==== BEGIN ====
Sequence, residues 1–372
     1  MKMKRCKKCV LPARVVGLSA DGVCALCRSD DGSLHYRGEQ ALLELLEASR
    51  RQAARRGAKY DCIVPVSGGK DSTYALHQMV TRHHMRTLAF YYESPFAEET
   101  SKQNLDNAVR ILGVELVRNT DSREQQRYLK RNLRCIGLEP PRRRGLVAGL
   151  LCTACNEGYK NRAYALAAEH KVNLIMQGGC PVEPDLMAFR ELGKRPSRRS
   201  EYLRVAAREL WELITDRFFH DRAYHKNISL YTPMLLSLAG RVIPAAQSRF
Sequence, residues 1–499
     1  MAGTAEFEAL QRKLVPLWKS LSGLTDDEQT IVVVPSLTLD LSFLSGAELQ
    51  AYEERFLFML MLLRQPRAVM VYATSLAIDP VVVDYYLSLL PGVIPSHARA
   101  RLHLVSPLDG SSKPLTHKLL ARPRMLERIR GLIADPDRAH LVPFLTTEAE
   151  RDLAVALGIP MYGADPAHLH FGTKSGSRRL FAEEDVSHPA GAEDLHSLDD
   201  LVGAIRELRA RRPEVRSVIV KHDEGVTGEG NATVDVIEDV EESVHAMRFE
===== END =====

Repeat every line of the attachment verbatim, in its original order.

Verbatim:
Sequence, residues 1–372
     1  MKMKRCKKCV LPARVVGLSA DGVCALCRSD DGSLHYRGEQ ALLELLEASR
    51  RQAARRGAKY DCIVPVSGGK DSTYALHQMV TRHHMRTLAF YYESPFAEET
   101  SKQNLDNAVR ILGVELVRNT DSREQQRYLK RNLRCIGLEP PRRRGLVAGL
   151  LCTACNEGYK NRAYALAAEH KVNLIMQGGC PVEPDLMAFR ELGKRPSRRS
   201  EYLRVAAREL WELITDRFFH DRAYHKNISL YTPMLLSLAG RVIPAAQSRF
Sequence, residues 1–499
     1  MAGTAEFEAL QRKLVPLWKS LSGLTDDEQT IVVVPSLTLD LSFLSGAELQ
    51  AYEERFLFML MLLRQPRAVM VYATSLAIDP VVVDYYLSLL PGVIPSHARA
   101  RLHLVSPLDG SSKPLTHKLL ARPRMLERIR GLIADPDRAH LVPFLTTEAE
   151  RDLAVALGIP MYGADPAHLH FGTKSGSRRL FAEEDVSHPA GAEDLHSLDD
   201  LVGAIRELRA RRPEVRSVIV KHDEGVTGEG NATVDVIEDV EESVHAMRFE